What is critical illness insurance and why was it invented?

In the early 1980’s, Dr. Marius Barnard, a world renowned heart surgeon from South Africa, reached out to insurance companies and asked them to create a safety net for people who may be facing a critical illness in their lives. This prompted the insurance companies of the time to introduce a new product called Critical Illness insurance. 

Dr. Barnard knew that there was a need for this kind of insurance because of his direct personal experience with the recovery needs of his patients who had gone through successful heart surgeries. He would see a familiar pattern when they would come to meet him for follow up appointments- a pattern of them sinking deeper in depression as they were under a lot of stress. This was because, even though the heart surgery that they had gone through was going to prolong their life, the recovery often took months during which they were unable to work to comfortably sustain themselves and their families. The stress that this caused would become an obstacle to their recovery.

Good news and bad news. The good news is that because of earlier diagnosis and better treatment options the chances of us surviving a serious illness have increased. The bad news is that just because we are living longer doesn’t mean that we have the money to be able to take time off of work and focus on our recovery.

Critical Illness insurance provides a lump sum (Tax Free) benefit that can be used to jump the queue, take a holiday, pay down your mortgage, take time off of work, pay for other medical expenses not covered by government health care, or do anything else they like with the money.

Although over 50{a03822e28c5c906589e58caafc71b922ff7b2692d58bfeefe8f12d55f85871c7} of Critical Illness insurance claims are from heart attack, stroke, and cancer over 18 other conditions including loss of limb, paralyzation, parkinsons, alzheimers, MS, and many more are also covered.  

A recent study showed that 48{a03822e28c5c906589e58caafc71b922ff7b2692d58bfeefe8f12d55f85871c7} of Canadian mortgage foreclosures were caused by a disability or critical illness. Combine that with the fact that the probability of surviving a critical illness before the age of 65 is twice as likely as dying before the age of 65 means that this is an integral part of one’s financial plan.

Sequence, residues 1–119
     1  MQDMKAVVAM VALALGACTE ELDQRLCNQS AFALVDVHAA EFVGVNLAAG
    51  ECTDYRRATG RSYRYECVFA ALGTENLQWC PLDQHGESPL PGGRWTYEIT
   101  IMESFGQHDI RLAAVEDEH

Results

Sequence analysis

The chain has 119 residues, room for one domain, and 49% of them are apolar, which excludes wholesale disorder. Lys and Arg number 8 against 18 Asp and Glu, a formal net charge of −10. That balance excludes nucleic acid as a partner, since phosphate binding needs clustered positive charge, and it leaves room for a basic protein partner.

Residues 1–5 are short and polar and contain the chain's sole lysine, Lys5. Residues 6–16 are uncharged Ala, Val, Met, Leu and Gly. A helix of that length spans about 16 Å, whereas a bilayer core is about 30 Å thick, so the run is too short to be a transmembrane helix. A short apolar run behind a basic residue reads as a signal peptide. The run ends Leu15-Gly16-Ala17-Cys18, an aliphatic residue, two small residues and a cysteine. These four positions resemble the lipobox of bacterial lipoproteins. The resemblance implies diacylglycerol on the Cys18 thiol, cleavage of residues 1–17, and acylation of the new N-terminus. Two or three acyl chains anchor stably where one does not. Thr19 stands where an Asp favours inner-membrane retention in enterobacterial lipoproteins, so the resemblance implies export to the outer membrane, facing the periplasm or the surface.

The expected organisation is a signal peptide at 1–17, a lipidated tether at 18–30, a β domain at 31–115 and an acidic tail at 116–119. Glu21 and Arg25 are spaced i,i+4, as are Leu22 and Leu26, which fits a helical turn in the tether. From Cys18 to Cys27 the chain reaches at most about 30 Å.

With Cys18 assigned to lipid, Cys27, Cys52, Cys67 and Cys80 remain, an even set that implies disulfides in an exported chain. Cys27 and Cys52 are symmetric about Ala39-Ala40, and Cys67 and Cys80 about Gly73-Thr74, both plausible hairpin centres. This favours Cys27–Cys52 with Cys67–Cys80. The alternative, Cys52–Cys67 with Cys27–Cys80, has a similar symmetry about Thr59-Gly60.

Which of these insurable events would have the greatest impact on your life: car stolen, house broken into, house fire, loss of jewelry, or contracting a serious illness. 

Which one of these events do you have protection against?

How much Critical Illness Insurance do you need?

For most of our clients we use a simple rule of thumb when trying to determine the amount of critical illness one may need. We assume that getting critically ill would mean that one would want to focus on their health without having to worry about day to day living expenses and being pressured to go back to work before the healing process is complete.  

Ideally, a living benefit equal to one or two times your annual income would become available for you if you were to be diagnosed with a critical illness.

For example:

Tony is 40 years old and make’s $75,000 a year after taxes. A suitable amount of Critical Illness coverage for him would be between $75,000 to $150,000.  This would mean that he can focus on getting healthy while he is recovering from his Critical Illness instead of worrying about how to make ends meet. 

How much coverage would you need?

Which type is best for you?

There are two types of Critical Illness policies: Term (temporary) and permanent (level premium)


With Term coverage you are covered for a certain period of time during which the premiums will not increase.  After the set period of time, the premiums increase and coverage ceases at the age of 75. This option is temporary but it is more affordable. Plus it is a much better alternative to not having any coverage at all.


The permanent option is a favorite of the majority of our clients. With this, the premiums never increase, and if you add the ROP (Return of Premium Option) or on expiry (selected from several options during application), our clients can get all of the money back that they had paid into the policy. Of course this is provided if they did not get a critical illness in that time (in which case they would be paid out through the policy anyway). In the event that they pass away, or the policy expires, premiums are returned.

Think about this for a second, there are only three things that can happen to you once you get the permanent CI policy:

  1. You get a critical illness: In this case owning a CI policy was a great investment because you will be receiving a lump sum benefit that is probably a multiple of your income.
  2. You pass away before you get a critical illness:  If this happens all of the premiums that you paid into the policy will be paid to your estate, your family essentially gets all the money back.
  3. The policy expires and you never get a CI:  Congratulations! you were never diagnosed with a Critical Illness. What about all of the premiums you paid in? Well you will receive all of the premiums back that you paid into the policy.

So ask yourself this:  What are the risk for me if I get a Critical Illness insurance policy? Or more importantly, what are the risks for me if I DON’T get a Critical Illness insurance policy?

Get started with a free consultation with one of our licensed advisors who can help you get a no-obligation quote.